Taoiseach Leo Varadkar has met Vice President Mike Pence in a behind-closed-doors encounter at his residence in Washington.
In a break with protocol, Mr Pence's officials barred media from the traditional St Patrick's event at his Naval Observatory residence in the US capital.
The move came after Mr Varadkar stated he was going to raise the issue of LGBT rights with the socially conservative vice president who has faced criticism for his stance on the issue.
Media were only permitted to capture the arrival of the Taoiseach this morning. As the politicians exchanged greetings, Mr Pence ignored questions from reporters as to why the engagement was private.
Yesterday, Mr Varadkar expressed disappointment at the media ban.
He said he would have preferred if the cameras were allowed in to document their comments, but the Taoiseach added: "It allows us maybe to have a frank conversation that's easier to have without the media present."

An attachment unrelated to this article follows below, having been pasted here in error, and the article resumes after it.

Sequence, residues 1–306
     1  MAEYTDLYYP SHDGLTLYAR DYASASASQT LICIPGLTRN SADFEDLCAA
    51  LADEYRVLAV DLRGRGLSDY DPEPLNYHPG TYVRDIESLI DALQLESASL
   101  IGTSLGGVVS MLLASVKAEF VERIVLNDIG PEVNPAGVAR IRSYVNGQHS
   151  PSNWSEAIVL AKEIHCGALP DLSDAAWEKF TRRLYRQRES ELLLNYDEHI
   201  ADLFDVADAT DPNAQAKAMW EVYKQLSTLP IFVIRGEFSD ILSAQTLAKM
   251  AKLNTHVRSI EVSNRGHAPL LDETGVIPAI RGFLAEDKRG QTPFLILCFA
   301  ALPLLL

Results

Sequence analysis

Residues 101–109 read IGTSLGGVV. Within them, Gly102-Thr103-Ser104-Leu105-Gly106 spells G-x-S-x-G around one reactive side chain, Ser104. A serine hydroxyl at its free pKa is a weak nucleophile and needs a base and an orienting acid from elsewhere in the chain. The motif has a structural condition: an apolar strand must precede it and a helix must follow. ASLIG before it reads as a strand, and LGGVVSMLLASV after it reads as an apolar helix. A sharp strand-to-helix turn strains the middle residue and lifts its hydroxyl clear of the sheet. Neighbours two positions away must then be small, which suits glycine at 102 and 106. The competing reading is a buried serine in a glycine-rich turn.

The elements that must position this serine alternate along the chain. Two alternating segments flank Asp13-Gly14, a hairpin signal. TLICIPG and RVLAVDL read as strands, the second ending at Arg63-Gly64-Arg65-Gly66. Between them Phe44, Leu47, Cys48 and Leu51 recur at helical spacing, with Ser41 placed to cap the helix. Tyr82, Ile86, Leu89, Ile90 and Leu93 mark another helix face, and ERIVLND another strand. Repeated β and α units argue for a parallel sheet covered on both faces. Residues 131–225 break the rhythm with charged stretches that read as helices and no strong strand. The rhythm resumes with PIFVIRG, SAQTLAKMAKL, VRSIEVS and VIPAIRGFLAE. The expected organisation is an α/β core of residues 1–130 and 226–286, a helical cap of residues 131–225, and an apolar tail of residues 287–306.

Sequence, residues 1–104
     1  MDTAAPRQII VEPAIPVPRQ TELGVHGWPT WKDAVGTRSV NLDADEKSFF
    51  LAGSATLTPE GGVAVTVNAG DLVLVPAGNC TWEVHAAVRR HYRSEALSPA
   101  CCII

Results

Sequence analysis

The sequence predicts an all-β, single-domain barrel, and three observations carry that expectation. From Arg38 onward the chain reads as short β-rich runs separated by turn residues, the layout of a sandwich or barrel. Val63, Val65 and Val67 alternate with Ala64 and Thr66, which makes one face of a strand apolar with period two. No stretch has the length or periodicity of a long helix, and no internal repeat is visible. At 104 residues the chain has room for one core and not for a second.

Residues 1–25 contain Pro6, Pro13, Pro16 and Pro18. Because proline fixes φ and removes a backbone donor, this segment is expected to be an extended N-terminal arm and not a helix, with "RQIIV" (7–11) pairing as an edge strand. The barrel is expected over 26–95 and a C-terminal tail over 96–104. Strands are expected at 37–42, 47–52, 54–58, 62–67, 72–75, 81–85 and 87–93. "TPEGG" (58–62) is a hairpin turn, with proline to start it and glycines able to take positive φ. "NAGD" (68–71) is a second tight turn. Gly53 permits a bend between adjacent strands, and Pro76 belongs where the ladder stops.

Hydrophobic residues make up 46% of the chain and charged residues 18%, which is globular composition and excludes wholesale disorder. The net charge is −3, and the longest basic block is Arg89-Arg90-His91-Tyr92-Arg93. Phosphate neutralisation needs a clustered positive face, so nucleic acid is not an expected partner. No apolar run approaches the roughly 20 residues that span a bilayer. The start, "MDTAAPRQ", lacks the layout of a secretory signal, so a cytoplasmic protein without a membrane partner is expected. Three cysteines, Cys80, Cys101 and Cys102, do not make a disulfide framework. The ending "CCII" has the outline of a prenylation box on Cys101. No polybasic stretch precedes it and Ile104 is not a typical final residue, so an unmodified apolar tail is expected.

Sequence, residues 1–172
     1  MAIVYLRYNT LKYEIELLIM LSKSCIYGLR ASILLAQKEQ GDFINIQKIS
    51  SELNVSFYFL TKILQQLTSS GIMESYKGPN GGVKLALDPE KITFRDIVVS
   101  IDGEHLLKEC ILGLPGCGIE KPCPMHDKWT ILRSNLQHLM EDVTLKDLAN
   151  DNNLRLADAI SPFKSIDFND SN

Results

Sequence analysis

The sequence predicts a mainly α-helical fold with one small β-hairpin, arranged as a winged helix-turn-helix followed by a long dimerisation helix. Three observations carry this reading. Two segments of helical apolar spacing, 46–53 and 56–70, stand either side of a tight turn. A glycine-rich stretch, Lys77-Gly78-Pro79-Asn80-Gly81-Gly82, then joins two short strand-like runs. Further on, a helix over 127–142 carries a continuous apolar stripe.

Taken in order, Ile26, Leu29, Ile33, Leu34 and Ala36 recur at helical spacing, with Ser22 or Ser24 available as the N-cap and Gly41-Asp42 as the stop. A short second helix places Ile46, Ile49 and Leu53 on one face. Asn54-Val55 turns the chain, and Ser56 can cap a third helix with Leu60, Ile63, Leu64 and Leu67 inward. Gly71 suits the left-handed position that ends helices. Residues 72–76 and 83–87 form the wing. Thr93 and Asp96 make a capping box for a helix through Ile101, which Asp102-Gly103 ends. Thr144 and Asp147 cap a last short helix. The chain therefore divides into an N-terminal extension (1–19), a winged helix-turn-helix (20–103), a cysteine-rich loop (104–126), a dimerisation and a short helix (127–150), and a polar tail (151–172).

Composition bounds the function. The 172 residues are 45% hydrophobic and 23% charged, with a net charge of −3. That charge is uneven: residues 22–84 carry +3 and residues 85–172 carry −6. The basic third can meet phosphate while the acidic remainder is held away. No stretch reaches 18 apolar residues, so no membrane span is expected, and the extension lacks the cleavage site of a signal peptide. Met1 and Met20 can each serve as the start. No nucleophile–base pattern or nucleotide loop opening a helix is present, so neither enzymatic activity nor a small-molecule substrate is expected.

This morning's encounter took place amid a controversy over an Irish golf course owned by President Donald Trump.
The row centres on an intervention the Taoiseach made on a planning decision linked to Mr Trump's Co Clare course at Doonbeg.
The furore flared when Mr Varadkar, in an unscripted anecdote during a St Patrick's lunch on Capitol Hill yesterday, outlined details of a phone call he received from the high-profile businessman four years ago.
Mr Trump told Mr Varadkar, then tourism minister, he was unhappy about a planned wind farm in view of the course.
With the president looking on, Mr Varadkar told Speaker Paul Ryan's lunch event that upon taking the call he contacted the local county council and "endeavoured to do what I could do about it".
The planning permission was later declined, he added.
"I do think it probably would have been refused anyway but I am very happy to take credit for it if the president is going to offer it to me," said the Taoiseach.
The Fine Gael leader's remarks prompted a wave of criticism from opposition parties here, with TDs demanding urgent clarity on the extent of Mr Varadkar's intervention.
The picture was further clouded when Clare County Council issued a statement last night saying it had no record of a representation made by the then tourism minister.
Mr Varadkar's spokesman has moved to clarify his remarks, insisting he did not act inappropriately and had only enquired about the application.